First-time buyers back as mortgage applications hit six-month high in March
The First Direct first-time buyer trends report revealed that the value of applications in March was also 42% up on February’s £8bn.
However, despite the application value reaching its highest level since September last year, the first quarter of 2023 was down by 26% compared to the same period in 2022. In March last year, the first-time buyer application value reached £10.8bn, marking a two year high.
Activity was more subdued in April as the value totalled £6.2bn, however, this was still the second highest amount in six months.
The mortgage market as a whole, including homemovers and remortgagors, reached a value of £26.6bn in March. This was the first time the value of applications had passed £20bn since September last year, and it was also £8.9bn up on February.
Carl Watchorn, head of mortgages at First Direct, said: “Typically, March and April tend to be some of the busiest months of the year when it comes to first-time buyer activity. March usually sees a sharp spike in applications after what is often a quiet start to the year.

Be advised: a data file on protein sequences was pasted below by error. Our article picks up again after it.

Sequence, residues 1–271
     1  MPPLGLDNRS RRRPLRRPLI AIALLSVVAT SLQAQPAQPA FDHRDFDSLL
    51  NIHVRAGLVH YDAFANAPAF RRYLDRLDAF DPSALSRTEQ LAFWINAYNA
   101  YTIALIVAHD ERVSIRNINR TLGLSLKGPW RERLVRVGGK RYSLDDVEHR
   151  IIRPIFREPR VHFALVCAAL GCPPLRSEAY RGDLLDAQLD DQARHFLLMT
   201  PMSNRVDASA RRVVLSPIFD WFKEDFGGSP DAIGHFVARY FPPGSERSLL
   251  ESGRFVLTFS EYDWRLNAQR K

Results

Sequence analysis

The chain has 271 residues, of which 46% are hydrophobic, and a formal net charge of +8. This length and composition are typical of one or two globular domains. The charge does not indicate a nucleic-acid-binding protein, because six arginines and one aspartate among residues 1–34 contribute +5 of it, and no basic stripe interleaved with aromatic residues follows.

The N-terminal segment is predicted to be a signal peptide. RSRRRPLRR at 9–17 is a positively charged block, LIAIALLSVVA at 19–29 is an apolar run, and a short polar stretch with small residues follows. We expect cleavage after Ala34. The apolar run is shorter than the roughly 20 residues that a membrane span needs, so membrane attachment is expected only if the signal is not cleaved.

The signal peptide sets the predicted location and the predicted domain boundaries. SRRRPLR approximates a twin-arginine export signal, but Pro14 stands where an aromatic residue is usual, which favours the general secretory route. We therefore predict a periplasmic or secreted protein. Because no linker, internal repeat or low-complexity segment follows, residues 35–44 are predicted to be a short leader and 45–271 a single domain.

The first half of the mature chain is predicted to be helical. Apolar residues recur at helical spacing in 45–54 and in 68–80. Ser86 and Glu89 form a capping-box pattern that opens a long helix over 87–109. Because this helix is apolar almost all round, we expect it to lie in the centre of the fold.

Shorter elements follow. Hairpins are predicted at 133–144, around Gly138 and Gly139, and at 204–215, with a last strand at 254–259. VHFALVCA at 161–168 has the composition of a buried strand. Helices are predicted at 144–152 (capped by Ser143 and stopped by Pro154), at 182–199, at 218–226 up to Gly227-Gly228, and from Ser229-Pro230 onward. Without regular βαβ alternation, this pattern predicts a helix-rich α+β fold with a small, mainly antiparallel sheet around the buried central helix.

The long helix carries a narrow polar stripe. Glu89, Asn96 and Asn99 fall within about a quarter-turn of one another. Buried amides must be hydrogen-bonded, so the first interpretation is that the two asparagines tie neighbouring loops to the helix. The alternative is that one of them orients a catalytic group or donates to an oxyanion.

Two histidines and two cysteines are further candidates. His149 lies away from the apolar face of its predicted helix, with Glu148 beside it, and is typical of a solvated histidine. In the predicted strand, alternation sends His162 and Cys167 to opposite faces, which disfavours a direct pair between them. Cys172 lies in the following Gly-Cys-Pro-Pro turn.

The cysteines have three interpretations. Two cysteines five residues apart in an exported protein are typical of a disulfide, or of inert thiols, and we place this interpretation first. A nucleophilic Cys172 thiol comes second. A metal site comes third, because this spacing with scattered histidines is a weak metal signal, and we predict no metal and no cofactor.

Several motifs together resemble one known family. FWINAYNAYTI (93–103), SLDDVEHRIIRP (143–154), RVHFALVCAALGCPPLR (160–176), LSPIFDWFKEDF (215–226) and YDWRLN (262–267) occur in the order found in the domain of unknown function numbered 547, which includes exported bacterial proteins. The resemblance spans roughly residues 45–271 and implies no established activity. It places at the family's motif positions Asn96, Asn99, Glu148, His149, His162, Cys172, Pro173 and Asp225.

“It’s really encouraging to see the market recovering during March and April to a level of applications not seen since September 2022. A closer look at this data also reveals that the value of first-time buyer loans has doubled since Q4 last year; a segment fundamental for a vibrant housing market.”
Average loan amounts climb over the year
The average first-time buyer loan was £211,766 in April, which was an 8.8% increase or more than £17,000 rise since the start of the year.
First Direct said it was also the highest figure since July 2022 when the average loan amount reached £212,153.
Loan sizes among first-time buyers saw the biggest jump, but average homemover loans also rose by £14,200 since January while there was a £9,500 increase in average remortgage loans.
Watchorn added: “The news that average first-time buyer loans are increasing is likely indicative of increased confidence in the sector, although it does once again highlight the challenge faced by many young people trying to bridge the gap between average income and the average house price.
“It’s also important to consider that the average first-time buyer house deposit is now more than £60,000. Faced with higher rates than we’ve seen in a number of years, many buyers will be looking to save up as big a deposit as possible in order to secure a cheaper rate against a lower loan to value (LTV) product.”